I spoke to Janice on the night before Christmas Eve. We said how much we loved each other and I simply couldnâ€™t take in that this might be last time Iâ€™d hear her voice.
Sheâ€™s been a big part of my life for over forty years. First as my boyfriendâ€™s sister, then as my sister-in-law, then my ex sister-in-law but most significantly over the last fifteen years, one of my very dearest friends.
It is lovely to read the memories bands and producers are sharing and she leaves a massive legacy as a brilliant, authentic supporter of great music. She was inspiring across both the music and wider radio industry and became a friend to millions through her shows.
From the first time we met in 1978, in her flat in Liverpool, the thing I loved about her was her sheer zest for life, her irreverence, her intelligence, her honesty and her sheer generosity of spirit. She loved music and she loved people. Especially her family, who she nurtured, always loyal, always encouraging, always so much fun, the completely trusted go-to one for advice.
We had our first children within three months of each other. At the time she was living just round the corner from us in a tiny village outside Newbury. She would be delighted to see herself described as ‘Former Ball Hill resident, Janice Long’ in the Newbury Today piece with lovely pictures taken just after Fred was born.
In the early years of my divorce, we communicated via my daughter Rose, each asking how the other was and sending our love. We began to meet up and opening up the friendship again felt very good for us both.
So when she told Rose the BBC had decided her Radio 2 show should come from London rather than Birmingham (where she then lived) Rose didnâ€™t hesitate to make the obvious suggestion. â€˜Why donâ€™t you move in with Mum?â€™ And so Janice came to live with me during the week and as you can imagine for two years I had the best house mate ever. Â We became close, sharing stories, helping each other. She gave me endless encouragement as I developed TeenTech sitting on what she called â€˜the work sofaâ€™ and her support and enthusiasm over those years meant so much to me.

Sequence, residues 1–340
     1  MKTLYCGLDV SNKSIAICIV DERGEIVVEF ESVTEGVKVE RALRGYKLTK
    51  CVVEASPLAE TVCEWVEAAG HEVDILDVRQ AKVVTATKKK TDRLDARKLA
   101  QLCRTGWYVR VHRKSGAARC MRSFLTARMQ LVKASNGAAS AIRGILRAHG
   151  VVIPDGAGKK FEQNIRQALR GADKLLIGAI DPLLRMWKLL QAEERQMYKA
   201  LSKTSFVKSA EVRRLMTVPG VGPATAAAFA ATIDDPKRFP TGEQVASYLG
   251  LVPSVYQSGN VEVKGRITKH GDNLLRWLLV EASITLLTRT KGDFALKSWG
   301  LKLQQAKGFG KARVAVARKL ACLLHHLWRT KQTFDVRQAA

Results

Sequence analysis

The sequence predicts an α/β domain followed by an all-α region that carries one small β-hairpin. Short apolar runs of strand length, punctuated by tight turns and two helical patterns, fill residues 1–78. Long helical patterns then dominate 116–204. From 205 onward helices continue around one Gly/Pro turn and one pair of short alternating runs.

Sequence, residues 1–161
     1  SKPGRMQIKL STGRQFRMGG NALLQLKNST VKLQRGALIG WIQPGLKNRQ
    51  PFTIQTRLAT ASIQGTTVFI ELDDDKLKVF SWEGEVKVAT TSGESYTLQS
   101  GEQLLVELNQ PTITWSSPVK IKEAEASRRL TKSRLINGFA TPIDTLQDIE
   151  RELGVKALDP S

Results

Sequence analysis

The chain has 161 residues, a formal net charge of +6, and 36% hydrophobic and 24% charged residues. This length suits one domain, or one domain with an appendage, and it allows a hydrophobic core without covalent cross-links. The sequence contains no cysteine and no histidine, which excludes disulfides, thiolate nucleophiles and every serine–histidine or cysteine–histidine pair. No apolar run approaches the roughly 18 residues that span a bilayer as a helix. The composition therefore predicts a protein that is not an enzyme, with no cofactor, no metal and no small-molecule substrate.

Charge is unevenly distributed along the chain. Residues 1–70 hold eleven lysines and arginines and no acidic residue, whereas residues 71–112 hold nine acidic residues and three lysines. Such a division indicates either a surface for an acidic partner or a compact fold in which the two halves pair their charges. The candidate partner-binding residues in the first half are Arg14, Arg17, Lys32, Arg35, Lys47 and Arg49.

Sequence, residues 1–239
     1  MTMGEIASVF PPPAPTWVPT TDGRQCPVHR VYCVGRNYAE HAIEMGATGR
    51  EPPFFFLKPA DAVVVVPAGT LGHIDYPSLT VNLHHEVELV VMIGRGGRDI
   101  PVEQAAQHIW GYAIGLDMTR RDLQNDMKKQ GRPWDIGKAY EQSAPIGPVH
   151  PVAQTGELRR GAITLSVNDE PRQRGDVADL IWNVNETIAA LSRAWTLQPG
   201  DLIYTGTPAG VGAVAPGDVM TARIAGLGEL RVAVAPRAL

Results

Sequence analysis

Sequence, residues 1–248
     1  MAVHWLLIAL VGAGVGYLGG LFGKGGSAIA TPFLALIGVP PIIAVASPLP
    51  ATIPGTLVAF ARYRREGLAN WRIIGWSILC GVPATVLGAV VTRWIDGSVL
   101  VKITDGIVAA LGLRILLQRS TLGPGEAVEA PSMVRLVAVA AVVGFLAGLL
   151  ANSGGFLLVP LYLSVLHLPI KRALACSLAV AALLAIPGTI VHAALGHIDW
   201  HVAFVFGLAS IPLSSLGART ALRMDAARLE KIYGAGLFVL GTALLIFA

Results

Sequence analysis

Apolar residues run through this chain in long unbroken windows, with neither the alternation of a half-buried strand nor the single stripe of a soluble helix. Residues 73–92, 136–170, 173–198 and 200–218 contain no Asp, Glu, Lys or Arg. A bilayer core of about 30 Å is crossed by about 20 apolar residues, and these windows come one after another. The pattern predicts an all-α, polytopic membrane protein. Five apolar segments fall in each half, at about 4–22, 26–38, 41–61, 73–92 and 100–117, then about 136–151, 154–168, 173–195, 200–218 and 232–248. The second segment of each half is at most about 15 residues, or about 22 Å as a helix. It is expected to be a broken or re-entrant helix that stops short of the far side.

We worked at opposite ends of the day, so sheâ€™d be setting off to prepare her R2 show just as I was winding up for the day. Iâ€™d be fast asleep when she returned after 3am. Very sound asleep, as it turned out one night, when she found herself trapped in the bathroom when the doorknob came off in her hand. When I finally realised that I wasnâ€™t dreaming and the shouts for help were not only real but coming from inside my own house, sheâ€™d been in there for nearly two hours.
I missed her enormously when the BBC made another change and decided her show had to come from Salford. But of course, it also meant she could be back living full time with her family and also in a house where the tv remote didnâ€™t randomly switch off all the lights.
In recent years, Radio Wales gave her the opportunity to do what she most enjoyed â€“ play the music she loved and do live sessions with bands. Theyâ€™ve put together a celebration of her relationship with them here.
Sheâ€™s been taken before her time but sheâ€™s packed a lot of living into her 66 years. Sheâ€™s also given out a lot of love to us all. Thank you Janice, for everything.